Every day, there is a 80% chance there will be my ukulele glued to my hand. I play it every single day and it annoys my dad sometimes. If I ever get in trouble, my punishment is no uke for the day or longer, and I truly suffer.
One time i kinda spaced out and I guess my brain thought i had a uke in my hands like i usually do, and I started playing 'air ukulele' at the beach for a good six seconds. I got some weird looks after that.
When people see me around my close friends, they tend to think i'm very "sociable" or "extroverted", but when it comes to meeting new people and the whole "hello nice to meet you. my name is..." bit, i'm pretty socially inept.
When we go out with people I don't know, or people i'm not exactly close with, I usually stay quiet, cause I despise 'small talk' and i'm not exceptional at thinking of questions to ask, or how to answer them myself on the spot... And It's not cause I'm uncomfortable or bored, I just sometimes get a little anxious and spaz out and I can't produce actual words. And really, I just like to observe rather than talk when it comes to people I don't know. Sometimes out in service it's very hard for me to speak to people, but even though I get anxious sometimes, Jehovah always helps me to get through it and teach people about him. And I always enjoy service. But trust me, once I get more comfortable around you, I never shut up.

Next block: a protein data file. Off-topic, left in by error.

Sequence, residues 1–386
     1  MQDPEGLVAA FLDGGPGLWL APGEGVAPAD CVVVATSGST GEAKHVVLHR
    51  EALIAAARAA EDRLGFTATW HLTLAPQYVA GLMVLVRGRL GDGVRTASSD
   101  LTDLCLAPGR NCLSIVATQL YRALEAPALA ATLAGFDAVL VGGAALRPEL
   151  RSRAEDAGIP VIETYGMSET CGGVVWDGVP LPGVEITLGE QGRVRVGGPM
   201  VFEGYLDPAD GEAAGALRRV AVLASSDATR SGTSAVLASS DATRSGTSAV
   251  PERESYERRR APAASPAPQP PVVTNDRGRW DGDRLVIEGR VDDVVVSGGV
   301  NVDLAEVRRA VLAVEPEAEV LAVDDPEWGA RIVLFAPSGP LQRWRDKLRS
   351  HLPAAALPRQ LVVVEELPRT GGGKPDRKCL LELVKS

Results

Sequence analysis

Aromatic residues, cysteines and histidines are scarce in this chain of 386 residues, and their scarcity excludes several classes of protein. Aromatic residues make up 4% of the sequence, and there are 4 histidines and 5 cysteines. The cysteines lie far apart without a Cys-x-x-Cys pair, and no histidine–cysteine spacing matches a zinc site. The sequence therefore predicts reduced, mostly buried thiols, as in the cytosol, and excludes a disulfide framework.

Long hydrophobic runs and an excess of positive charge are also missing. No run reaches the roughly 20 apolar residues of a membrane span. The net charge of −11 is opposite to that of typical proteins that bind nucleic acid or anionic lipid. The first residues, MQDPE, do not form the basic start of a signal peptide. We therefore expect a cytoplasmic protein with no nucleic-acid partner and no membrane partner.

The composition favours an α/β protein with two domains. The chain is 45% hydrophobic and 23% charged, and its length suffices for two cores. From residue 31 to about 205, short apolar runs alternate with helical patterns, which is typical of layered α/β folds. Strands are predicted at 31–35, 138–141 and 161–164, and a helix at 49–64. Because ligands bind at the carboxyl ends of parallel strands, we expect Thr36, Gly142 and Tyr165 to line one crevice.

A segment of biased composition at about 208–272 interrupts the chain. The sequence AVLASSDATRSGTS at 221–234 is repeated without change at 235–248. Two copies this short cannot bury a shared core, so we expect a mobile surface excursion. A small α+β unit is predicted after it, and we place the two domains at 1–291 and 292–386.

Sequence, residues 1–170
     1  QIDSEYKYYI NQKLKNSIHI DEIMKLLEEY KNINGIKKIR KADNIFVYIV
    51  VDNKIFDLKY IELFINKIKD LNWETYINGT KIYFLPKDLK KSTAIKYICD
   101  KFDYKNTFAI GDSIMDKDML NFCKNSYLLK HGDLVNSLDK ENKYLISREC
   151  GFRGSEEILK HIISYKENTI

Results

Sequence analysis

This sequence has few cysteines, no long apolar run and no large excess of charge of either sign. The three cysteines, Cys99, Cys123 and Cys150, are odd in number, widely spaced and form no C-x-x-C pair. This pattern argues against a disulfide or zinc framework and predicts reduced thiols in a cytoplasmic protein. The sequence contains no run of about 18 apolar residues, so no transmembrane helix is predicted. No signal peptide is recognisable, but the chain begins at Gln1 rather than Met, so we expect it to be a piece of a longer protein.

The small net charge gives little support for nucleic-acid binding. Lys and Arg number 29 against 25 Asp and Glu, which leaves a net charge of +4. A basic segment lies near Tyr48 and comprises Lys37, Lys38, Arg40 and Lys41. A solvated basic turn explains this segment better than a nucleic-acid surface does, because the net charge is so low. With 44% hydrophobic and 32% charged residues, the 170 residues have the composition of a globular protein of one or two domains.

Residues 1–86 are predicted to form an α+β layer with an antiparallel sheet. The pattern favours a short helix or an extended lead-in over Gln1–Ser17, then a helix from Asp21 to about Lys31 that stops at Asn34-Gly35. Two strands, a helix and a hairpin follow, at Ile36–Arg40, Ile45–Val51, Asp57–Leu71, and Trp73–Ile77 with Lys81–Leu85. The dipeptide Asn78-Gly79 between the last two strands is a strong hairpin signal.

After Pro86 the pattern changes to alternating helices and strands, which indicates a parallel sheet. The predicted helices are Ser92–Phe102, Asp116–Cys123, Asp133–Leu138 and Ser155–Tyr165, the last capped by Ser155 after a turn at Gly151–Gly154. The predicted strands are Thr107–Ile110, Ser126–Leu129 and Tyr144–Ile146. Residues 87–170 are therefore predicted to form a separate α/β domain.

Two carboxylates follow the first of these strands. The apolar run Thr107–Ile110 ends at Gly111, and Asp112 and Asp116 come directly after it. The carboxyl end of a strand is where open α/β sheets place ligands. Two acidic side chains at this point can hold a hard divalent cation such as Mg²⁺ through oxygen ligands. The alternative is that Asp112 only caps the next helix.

And my friends can confirm.
One of my best subjects in school, is vocabulary. Which is ironic, considering I forget how to communicate when I'm around strangers. My friends get surprised because I'm "really articulate". Vocab is not my favorite subject, but that doesn't mean I don't pay attention during it. Not to mention I watch a lot of British T.V. shows. And because I like to write, it helps to know the "big words" when writing to make it sound more sophisticated.
My absolute least favorite subject, is math. Ever since I was little, Iv'e HATED math. And I'm unquestionably bad at it. I always have, and always will. I'm absolutely certain that math WILL BE THE DEATH OF ME.
Last but not least, SHERLOCK... 'Nuff said. :)
I got three of almost the same questions... about my favorite or best experience in the field ministry. So this one is for Mimi, Nikki and Wanda.
Every Friday we go out in service in the campo...
On this particular Friday, it was our family, one sister named Hannah, and two brothers named Gustavo and Ezequiel. My parents had to get on a small public guagua to get there, while me and Hannah rode with the brothers on their motorcycles.
It took us about 20 minutes to get to the territory. The territory was on the main road, and it was about two miles long, with many steep "hills". And by "hills", I mean mountains. And of course, those "hills" had the most houses...
Each set of partners got one "hill", and we had to finish as many houses as we could on it. My partner, Hannah, and I had probably the biggest "hill" out of everyone. It just kept going and going and going and going etc...
But of course, you gotta preach the word right?
So we go up, and up, and up some more, finding houses here and there, some pigs and donkeys and some other small animals I could not identify. It was overly muddy from the rain the night before, and to say we were walking on a "path" is a big overstatement. So even though it was dry, hot, and crazily sunny, we were sliding and twisting and almost slipping and falling on the damp mud.